This week, Tottenham Hotspur footballer Gareth Bale was the subject of an £85million bid from Real Madrid. That's the most amount of money ever lodged for a player in the sport's history. What on earth is going on I ask?
Never has the sport been so distanced from its viewing public. £85million is an eye-watering amount of money, a figure so huge it is difficult to even conceive. And yet, the Spanish titans have offered it without fuss, and it looks like they will get their man. Tottenham are sensible enough to recognize the absurdity of such a bid.
How can a single human being command such a seismic amount of money? Sports economists will point to Bale's marketability. Yet, really think about it for just a second. Pause and absorb the incredible amount of money being offered.
For me, there is a moral discomfort around this whole saga. Lets pretend everything in the world was undecided, markets hadn't formed, and economies were being nurtured. Lets now say football transfers never existed. If a player wanted to play for a different club he should merely wait until the expiration of his contract, or negotiate personally with his current club.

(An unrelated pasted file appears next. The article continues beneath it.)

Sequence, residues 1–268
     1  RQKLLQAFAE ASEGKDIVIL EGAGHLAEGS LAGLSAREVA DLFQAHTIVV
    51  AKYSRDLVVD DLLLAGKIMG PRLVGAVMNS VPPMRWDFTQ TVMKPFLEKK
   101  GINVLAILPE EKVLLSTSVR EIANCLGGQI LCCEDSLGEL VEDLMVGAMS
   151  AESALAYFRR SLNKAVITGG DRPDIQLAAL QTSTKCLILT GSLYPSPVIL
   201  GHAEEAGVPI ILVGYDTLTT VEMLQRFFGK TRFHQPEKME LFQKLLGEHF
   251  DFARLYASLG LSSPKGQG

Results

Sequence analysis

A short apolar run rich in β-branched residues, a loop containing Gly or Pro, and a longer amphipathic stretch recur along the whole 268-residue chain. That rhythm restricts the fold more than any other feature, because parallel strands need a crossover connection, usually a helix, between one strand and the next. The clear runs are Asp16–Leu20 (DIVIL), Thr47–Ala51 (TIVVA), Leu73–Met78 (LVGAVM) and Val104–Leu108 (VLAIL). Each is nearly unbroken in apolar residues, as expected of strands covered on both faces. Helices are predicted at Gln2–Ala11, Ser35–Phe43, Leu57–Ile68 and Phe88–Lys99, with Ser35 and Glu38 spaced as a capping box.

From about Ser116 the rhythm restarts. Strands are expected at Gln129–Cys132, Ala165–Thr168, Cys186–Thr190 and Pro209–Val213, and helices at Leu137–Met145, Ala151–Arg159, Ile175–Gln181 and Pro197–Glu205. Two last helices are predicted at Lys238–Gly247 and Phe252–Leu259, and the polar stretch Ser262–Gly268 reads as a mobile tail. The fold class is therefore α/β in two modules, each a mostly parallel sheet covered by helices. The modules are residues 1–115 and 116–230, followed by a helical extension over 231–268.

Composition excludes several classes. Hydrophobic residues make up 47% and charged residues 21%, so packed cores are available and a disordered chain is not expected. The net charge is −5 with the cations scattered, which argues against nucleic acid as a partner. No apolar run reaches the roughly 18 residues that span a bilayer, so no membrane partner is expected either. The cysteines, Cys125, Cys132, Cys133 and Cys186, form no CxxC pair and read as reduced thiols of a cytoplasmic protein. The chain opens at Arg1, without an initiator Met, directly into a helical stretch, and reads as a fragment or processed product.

Now, bear with me. Let us say the world's most valuable human commodities were not sports stars, but doctors. Lets say the world's pre-eminent heart surgeon was being transferred from the Mayo Clinic in New York to the Cleveland Clinic in Cleveland. The transfer fee? You guessed it, £85million. Now, the Cleveland Clinic is banking on him performing surgeries on the world's elite, commanding silly money each time. He would be their most prized asset, just as Bale would be for Real Madrid (sorry Ronaldo).
Would anyone begrudge these doctors and these transfer fees? Probably not, and why is that? It is because doctors save people's lives. They have devoted their lives to studying the human body, with the intention of fixing people of their ailments. Football may be a team sport, yet their participants are highly individual. Their focus is on reaching a high level of fitness and the mastery of a technical craft. The two are polar opposites.
Nevertheless, there doesn't appear to be a ceiling in sight for football. The numbers are only going to continue to sore. Wages are staggering, as are the transfer fees being commanded. What do the season ticket holders think of it all? Well, what choice do they have? Football may not be the people's sport anymore, yet it remains the most popular. Formula One, tennis and golf may forever be associated with the middle classes, yet has football joined them?
What ever happened to buying a cheap ball, using your jumpers as goal posts and having a kick around in the park? Players like Gareth Bale will probably remember such times, yet as he ushers in a new era of freaky football finances, those memories may become a distant haze.